The Guild documented more than 200-400 cases of campus press freedom violations every year since 2010. Violations such as harassment of student writers and editors, meddling with editorial policies, censorship of editorial content, withholding of publication funds, non-collection of publication fee, padlocking of the publication office, closure of the student publication, suspension and expulsion of student editors and writers, and worse, filing of libel charges against student journalists.

“What was wrong about CJA of 1991 is that, it does not contain penalty clause. Member bpublications of the Guild have been through this in 25 years yet not a single person or school administration was penalized for such violations,” Abila furthered.

The campus journalist cited the libel case of a former Editor-in-Chief of Outcrop, the student publication of the University of the Philippines Baguio after publishing a blind item. The promulgation of the verdict has been continually stalled.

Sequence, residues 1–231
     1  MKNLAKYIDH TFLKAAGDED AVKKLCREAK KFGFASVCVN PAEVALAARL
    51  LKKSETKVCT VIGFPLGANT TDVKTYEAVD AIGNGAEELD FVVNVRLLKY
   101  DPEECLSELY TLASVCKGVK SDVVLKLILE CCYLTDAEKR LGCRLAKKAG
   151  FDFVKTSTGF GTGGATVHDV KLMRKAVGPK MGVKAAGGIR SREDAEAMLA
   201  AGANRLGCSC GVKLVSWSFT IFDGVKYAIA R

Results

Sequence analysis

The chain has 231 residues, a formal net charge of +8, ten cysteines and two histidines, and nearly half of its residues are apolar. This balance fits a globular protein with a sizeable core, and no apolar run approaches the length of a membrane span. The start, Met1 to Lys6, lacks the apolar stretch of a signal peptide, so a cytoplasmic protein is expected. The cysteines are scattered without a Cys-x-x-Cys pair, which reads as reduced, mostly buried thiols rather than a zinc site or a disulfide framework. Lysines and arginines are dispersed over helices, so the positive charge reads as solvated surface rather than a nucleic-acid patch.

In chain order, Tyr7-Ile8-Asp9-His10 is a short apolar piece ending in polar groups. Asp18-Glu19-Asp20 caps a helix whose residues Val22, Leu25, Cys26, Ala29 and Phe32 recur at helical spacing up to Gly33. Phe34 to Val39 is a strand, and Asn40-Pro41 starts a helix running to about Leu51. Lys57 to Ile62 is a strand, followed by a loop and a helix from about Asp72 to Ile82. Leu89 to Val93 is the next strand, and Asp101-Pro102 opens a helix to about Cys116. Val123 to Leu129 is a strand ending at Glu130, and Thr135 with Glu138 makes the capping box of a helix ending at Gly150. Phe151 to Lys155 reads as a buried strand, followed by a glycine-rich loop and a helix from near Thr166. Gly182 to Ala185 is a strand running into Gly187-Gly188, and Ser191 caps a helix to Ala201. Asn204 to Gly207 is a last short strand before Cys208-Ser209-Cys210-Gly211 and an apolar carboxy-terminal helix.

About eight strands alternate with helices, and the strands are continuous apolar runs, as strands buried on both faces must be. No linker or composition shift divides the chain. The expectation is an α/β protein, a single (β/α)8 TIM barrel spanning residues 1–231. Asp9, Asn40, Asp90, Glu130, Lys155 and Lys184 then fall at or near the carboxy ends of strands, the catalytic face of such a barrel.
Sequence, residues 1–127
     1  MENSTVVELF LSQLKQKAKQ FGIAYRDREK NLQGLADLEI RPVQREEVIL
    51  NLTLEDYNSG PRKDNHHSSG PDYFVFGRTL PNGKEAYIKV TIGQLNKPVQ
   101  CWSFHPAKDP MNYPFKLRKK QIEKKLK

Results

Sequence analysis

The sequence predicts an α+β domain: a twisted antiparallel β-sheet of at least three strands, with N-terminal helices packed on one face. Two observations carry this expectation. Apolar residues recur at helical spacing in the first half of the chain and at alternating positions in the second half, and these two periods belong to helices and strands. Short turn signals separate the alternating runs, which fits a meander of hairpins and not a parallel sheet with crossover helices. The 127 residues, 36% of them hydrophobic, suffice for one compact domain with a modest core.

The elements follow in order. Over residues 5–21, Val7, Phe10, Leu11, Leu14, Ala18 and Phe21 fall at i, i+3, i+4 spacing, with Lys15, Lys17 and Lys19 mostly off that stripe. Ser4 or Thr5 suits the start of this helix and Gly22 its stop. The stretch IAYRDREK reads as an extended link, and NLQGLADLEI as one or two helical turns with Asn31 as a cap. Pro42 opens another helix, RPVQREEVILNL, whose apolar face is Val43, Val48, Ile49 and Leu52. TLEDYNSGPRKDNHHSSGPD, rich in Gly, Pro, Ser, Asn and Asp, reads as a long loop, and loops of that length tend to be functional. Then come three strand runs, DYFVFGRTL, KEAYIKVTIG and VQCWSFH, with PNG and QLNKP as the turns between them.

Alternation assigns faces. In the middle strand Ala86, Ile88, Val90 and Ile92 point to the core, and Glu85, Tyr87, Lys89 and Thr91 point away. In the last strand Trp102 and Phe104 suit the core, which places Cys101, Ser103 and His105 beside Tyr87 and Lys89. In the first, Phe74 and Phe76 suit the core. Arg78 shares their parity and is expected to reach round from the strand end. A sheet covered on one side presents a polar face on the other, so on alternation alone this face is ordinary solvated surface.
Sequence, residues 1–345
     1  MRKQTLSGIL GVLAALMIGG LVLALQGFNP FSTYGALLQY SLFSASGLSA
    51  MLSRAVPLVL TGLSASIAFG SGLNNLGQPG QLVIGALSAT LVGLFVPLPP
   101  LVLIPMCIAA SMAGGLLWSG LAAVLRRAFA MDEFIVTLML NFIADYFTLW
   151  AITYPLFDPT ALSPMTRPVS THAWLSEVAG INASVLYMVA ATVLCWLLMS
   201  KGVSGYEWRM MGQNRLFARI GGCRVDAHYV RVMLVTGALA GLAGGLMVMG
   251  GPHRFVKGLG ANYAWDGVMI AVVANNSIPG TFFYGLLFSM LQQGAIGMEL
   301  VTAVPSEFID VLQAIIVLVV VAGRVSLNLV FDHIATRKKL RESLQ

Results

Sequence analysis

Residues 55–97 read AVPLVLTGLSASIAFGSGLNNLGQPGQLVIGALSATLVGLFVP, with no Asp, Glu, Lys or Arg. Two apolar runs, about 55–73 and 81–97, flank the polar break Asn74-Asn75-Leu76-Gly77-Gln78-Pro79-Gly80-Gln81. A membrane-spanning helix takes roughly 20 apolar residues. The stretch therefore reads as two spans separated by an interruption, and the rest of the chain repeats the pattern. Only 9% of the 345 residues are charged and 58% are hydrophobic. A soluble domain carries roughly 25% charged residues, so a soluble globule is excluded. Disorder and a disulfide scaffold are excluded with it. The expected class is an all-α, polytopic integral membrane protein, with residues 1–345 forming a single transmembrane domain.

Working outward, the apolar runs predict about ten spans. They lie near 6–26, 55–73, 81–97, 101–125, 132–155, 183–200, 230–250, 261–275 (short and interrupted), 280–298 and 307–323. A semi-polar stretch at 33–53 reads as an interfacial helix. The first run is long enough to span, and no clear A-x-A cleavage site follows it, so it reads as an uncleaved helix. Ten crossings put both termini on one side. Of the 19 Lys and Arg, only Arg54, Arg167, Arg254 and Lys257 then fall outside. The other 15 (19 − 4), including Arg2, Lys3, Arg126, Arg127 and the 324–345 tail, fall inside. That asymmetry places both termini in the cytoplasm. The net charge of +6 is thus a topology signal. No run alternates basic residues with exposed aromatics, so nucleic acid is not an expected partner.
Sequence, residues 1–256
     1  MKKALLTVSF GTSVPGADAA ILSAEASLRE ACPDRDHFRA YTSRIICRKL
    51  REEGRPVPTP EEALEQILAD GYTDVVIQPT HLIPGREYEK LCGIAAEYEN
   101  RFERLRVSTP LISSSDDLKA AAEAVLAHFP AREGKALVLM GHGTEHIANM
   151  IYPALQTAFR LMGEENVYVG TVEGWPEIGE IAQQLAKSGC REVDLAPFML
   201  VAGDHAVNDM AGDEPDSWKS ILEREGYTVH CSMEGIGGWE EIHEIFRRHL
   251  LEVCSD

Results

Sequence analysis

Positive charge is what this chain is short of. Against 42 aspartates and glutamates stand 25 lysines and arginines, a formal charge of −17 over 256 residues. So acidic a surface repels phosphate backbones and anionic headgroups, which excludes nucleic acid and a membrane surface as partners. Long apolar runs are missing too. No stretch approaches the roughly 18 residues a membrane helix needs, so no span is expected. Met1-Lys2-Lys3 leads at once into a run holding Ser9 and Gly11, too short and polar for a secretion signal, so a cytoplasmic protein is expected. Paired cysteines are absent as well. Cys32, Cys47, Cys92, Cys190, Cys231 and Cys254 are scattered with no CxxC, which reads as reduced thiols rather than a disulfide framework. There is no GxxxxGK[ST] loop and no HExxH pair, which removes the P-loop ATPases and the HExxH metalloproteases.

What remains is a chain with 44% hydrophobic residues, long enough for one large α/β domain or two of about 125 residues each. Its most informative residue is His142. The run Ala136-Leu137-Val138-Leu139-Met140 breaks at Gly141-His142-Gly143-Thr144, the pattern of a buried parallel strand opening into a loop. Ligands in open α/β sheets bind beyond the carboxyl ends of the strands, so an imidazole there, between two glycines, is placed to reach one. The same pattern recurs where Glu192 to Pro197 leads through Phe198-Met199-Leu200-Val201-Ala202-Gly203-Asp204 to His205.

Also recently, during the 2016 National Elections, Liberal Party (LP) supporters and UP Diliman Police (UPDP) harassed staff members of Tinig ng Plaridel (TNP), the student publication of UP College of Mass Communication, and Union of Journalists of the Philippines-UP Diliman (UJP-UPD) who were covering a NAPC-organized event but were barred by the UPDP to enter the venue for “security reasons” even after asserting that they are members of the campus press. They were also “verbally abused, called out and jeered by the LP crowd.

CEGP pointed that under the current law meant to protect the student media; instead of serving a guarantee of the democratic right, it serves the contrast: